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Morton Police Jail Information
260 Main Avenue
Morton, WA 98356
Phone Number: 360-496-6636
The Morton Police Jail is located at 260 Main Avenue in Morton, WA and is a medium security police department jail operated by the Morton Police Department.This site tells you information about anything you might need to know about the Morton Police Jail, like how to find out who’s in jail at the Morton Police Jail, the jail’s address and phone number, booking and intake procedures, how to find your court records, and more.
Top 10 Searches for Morton Police Jail
- Morton Police Jail Information
- Morton Police Jail Inmate Search
- Lewis County Inmate Search in Morton, WA
- Morton Police Jail Visitation Rules
- Morton Police Jail Visitation Hours
- How To Save Money on Inmate Calls at Morton Police Jail
- How to Send Inmate Care Packages to Morton Police Jail
- What is Inmate Commissary?
- How to Send Money to an Inmate at Morton Police Jail
- How to Search Lewis County Arrest Records
This guide is designed to give information and advice you need to make helping a friend or family member get out of jail less stressfull. If you have a question, just ask them, and any comments or feedback that might be a benefit to other people in the same situation is welcome.
Morton Police Jail Inmate Search
Do you have a family member, loved one, or friend that is in jail and want to find them? Do you know a family member or friend that has been arrested and you want to locate them?
To search who’s in jail at the Morton Police Jail you have to use the search form.
Who’s In Jail
The Morton Police Jail Inmate Lookup is an online list of individuals who have been arrested and are in custody, including current status, and visiting schedule. Also, you can find info on anyone processed or released within the past 24 hour period. Prisoners are shown in alphabetical order by last name. You will be able to locate their inmate information more quickly if you enter the arrestee’s first and last name, date of birth, or arrest number.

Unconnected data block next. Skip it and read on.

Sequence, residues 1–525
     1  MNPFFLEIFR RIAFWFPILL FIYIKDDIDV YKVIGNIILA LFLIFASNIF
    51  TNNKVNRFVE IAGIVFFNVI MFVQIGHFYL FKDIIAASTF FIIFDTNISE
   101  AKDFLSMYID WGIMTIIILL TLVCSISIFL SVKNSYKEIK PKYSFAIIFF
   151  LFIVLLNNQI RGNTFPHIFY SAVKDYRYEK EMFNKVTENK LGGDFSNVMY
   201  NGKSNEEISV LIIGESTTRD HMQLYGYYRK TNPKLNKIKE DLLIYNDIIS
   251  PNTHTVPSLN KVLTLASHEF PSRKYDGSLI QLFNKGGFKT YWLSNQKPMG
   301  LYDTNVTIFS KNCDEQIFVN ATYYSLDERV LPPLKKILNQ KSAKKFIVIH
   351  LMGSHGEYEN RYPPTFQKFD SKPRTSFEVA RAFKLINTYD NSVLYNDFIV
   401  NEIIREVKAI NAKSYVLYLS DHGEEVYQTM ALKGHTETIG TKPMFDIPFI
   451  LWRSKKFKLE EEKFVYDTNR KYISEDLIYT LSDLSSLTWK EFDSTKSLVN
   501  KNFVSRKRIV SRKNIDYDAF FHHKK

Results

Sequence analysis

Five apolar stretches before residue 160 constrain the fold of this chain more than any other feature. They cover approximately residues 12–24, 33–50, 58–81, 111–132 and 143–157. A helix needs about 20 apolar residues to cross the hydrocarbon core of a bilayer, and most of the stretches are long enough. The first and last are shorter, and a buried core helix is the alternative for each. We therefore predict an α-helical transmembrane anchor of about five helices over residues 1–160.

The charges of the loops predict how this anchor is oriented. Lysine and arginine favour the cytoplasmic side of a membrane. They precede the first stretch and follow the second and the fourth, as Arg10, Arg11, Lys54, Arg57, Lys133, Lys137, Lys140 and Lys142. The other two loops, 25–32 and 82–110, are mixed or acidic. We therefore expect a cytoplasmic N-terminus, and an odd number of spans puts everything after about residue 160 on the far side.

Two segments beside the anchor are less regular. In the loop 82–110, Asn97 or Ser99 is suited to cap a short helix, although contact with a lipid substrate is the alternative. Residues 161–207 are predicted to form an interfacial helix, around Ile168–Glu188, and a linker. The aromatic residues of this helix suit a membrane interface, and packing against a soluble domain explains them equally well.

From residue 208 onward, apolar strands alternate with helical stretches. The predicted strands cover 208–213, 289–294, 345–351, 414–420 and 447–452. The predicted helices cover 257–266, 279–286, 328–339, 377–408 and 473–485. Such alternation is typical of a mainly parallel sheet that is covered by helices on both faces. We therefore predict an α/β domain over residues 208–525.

Morton Police Jail Policies and Procedures
The intake process at the Morton Police Jail takes you through these steps:
They’ll put you in a holding cell. If the jail is busy, you may not be processed immediately.
First you must answer some simple questions, like what is your legal name, street address, birthdate and a contact person, and they’ll also ask about your medical and mental history. Next, you’ll be given an inmate ID number and you will be fingerprinted. Then, all personal property will get taken away from you and will be stored until you are released.
They will let you make a phone call so you can talk to a member of your family, friend, or somebody else who can help you get out.
If you are expected to be released shortly, you might get to skip the jumpsuit and keep wearing your own clothes, otherwise you you will have to wear a jail uniform.
When you pay your bail, you will get released from jail. The discharge process can take between 15 minutes to hours or even all day long. In other words the faster you can post bail, the sooner you will get out of jail. Also, it can depend on if you’ve got a cash bond amount or if the judge must decide on your bail amount. For a minor offense, you will get booked and then released on your recognizance without having to pay bail. When you get to the end of your sentence and have a release date, you should expect to get released at any time that day – but usually in the morning.
Morton Police Jail Visitation
In order to have visitors, inmates must provide information about each visitor to the Morton Police Jail in advance of any visit. This information will be put into the visitors log as an Authorized visit. Each visitor will be required to provide acceptable photo identification. Anyone that arrives for visitation late or that does not have a visting order will not be able to attend visitation.
Visitation procedures at Morton Police Jail can change, so it would be wise to call the jail at 360-496-6636 before you visit an inmate.
|Monday||9:00am – 5:00pm|
|Tuesday||9:00am – 5:00pm|
|Wednesday||9:00am – 5:00pm|
|Thursday||9:00am – 5:00pm|
|Friday||9:00am – 5:00pm|
|Saturday||9:00am – 5:00pm|
|Sunday||9:00am – 5:00pm|
To visit someone at the Morton Police Jail you have to first have your name on the inmate’s visitation list.
Make sure to bring your valid driver’s license or government issued ID when you go to visit or you will not be allowed to enter.
No cellphones at Morton Police Jail, and you will be searched before entering. No personal belongings. Persons probation, parole, or other community corrections supervision must get the permission of both their individual supervising officer and the superintendent prior to a visit. This kind of visitation is not approved.